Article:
HL Deb 27 July 1972 vol 333 cc1518-23

4.15 p.m.


My Lords, with the agreement of your Lordships' House I should like at this point to repeat a Statement which is being made in another place by my right honourable friend the Minister for Transport Industries concerning the finances of the British Railways Board. The following is the Statement:

" Despite the Board's efforts to cut costs, their financial position has deteriorated over the past year. Price restraint reduced their income: the coal strike caused a loss of traffic and reduced income by £18 million: £10 million of business was lost through the subsequent rail pay dispute: the high level of the settlement has added to the Board's costs.

" As was always clear, the Board will therefore need to make fare increases in September to help meet the cost of the settlement.

" Even so, the Board now expect a deficit of £40 million in 1972—over and above the amount of £27 million we provided in the Transport (Grants) Act—and a comparable amount in 1973. The Board at my request have, since the autumn, been reviewing their long-term prospects. It is clear that some new financial support will be needed and that new legislation will be required. There is an immediate need to meet their cash flow shortfall, which amounts to some £50 million-£60 million over the rest of 1972. A Supplementary Estimate will be presented to the House in due course in respect of this requirement. Any sums needed in the meanwhile will be issued from the Contingencies Fund.

" I have also to-day given my consent to proposals from the Railways Board for restructuring their field organisation. These proposals, and the reasons for them, were described in the Board's Second Report on Organisation which I laid before Parliament on April 21. They involve the creation of 8 Territories to replace the present structure based on Regions and Divisions, which no longer meets today's requirements. The changes are expected to result in further staff reductions of between 4,500 and 6,500, but these should largely be accounted for by normal staff turnover. The Board estimate that the changes will save at least £10 million a year in administrative costs after full implementation. The Board have assured me that they will do their utmost to minimise the adverse effects and inevitable inconvenience to their staff."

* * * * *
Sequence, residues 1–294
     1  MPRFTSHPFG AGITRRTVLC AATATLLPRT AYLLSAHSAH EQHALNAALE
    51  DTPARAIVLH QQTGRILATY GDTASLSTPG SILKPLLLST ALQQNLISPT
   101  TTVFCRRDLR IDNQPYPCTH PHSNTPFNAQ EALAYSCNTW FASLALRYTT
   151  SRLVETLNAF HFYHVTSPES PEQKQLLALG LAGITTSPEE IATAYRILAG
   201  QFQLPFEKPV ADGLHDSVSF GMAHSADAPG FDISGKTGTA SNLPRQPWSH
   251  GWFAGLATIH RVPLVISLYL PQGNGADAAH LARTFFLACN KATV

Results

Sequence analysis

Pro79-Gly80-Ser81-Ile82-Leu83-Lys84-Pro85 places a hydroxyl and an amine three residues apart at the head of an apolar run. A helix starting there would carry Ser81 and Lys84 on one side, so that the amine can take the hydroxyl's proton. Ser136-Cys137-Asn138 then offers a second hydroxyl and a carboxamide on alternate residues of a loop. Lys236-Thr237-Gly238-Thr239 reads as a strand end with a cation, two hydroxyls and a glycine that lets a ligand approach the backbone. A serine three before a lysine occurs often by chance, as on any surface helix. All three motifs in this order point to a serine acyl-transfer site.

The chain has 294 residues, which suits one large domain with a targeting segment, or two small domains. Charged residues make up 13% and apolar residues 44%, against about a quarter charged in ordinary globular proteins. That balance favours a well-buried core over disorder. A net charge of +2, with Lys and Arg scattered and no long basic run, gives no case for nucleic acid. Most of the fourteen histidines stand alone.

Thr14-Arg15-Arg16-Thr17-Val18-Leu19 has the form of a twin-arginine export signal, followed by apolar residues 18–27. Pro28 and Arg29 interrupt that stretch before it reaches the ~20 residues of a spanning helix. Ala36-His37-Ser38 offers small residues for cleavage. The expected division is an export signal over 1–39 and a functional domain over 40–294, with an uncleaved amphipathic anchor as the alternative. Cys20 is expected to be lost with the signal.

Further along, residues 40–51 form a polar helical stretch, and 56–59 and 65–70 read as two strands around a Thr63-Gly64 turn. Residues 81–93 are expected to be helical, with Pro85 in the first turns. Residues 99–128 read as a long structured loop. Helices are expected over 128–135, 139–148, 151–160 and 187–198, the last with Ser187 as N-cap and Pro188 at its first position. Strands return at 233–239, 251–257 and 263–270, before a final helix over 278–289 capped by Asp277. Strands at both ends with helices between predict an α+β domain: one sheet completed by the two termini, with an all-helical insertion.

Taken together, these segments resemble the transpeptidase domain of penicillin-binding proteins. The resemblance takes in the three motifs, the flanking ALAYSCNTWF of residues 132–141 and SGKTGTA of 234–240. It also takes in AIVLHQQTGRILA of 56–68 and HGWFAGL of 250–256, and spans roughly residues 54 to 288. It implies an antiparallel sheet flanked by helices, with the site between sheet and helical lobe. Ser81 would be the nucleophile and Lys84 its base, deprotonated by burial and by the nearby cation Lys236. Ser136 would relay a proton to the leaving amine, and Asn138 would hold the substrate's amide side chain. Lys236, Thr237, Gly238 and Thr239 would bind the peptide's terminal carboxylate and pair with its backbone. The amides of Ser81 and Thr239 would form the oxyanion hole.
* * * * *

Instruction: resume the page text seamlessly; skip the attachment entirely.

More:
My Lords, that concludes the Statement.

4.19 p.m.


My Lords, we are grateful to the noble Lord, Lord Sandford, for repeating that Statement. We can welcome the fact that the Government are facing up to the consequences of the loss of traffic brought about to some extent by the prolongation of the coal strike and the rail pay dispute. On both of these issues, with some justification, we charged the Government at the time with their failure to take appropriate action to shorten the period of the disputes—action which, in turn, would have lessened the deficits which we are now facing. The noble Lord told us that £18 million was regarded as the amount of the loss due to the coal strike and that £10 million was the loss due to the pay dispute. Can he tell us how much was due to price restraint which flowed from the C.B.I. initiative?

On the question of fare increases in September, has the estimate made by the Board and the Government of the amount needed to cover the likely cost of the acceptance by the Board of a further C B.I. initiative been taken into consideration by the Government at this time? On the concluding part of the Statement, I welcome the assurance of the Board that they will do their utmost to minimise the adverse effects and inevitable inconvenience to the staff resulting from the proposed reorganisation. In this connection, I am bound to say, as a man who worked for a long time on railways and knows a little about them, that this will be a further upset to the staff which has over a comparatively short period seen a reduction of 250,000—a tremendous number—resulting purely from rationalisation. Perhaps I may add that the staff knowledgeable in these matters are of the opinion that the continual structural changes introduced in the past to make major economies have in many instances had the very opposite effect. The industry is never permitted to settle down. This has been going on throughout the whole of the post-war period, and I am sure that the railways have not had a fair deal in this connection.


My Lords, I also wish to thank the noble Lord from these Benches for his Statement. The cash flow shortfall as shown from his Statement is quite a serious one. It is to be hoped that the measures suggested at the end of the Statement will become fruitful. Every railway in the world makes losses, and British Rail is no exception. It is recognised that support from the public is necessary to maintain a public rail service. But if a long-term funding operation is not undertaken there will be a mammoth increase in motorway expenditure and so on. I should like the noble Lord, Lord Sandford, to tell us what plans the Board have for long-term funding of the British rail system. With regard to the cash flow, this is a normal shortage which can occur in any railway system in the world, but I should like to know what the longterm plans are. Are there any plans for consultation with the European counterparts of British Rail? This is a feature that should be looked at, especially in terms of funding, because I feel they have the same problems. Finally, may I ask the noble Lord the Minister whether the British Railways Property Board is doing its best to raise funds by releasing property in central London which is needed for housing and is also a source of revenue for the Board?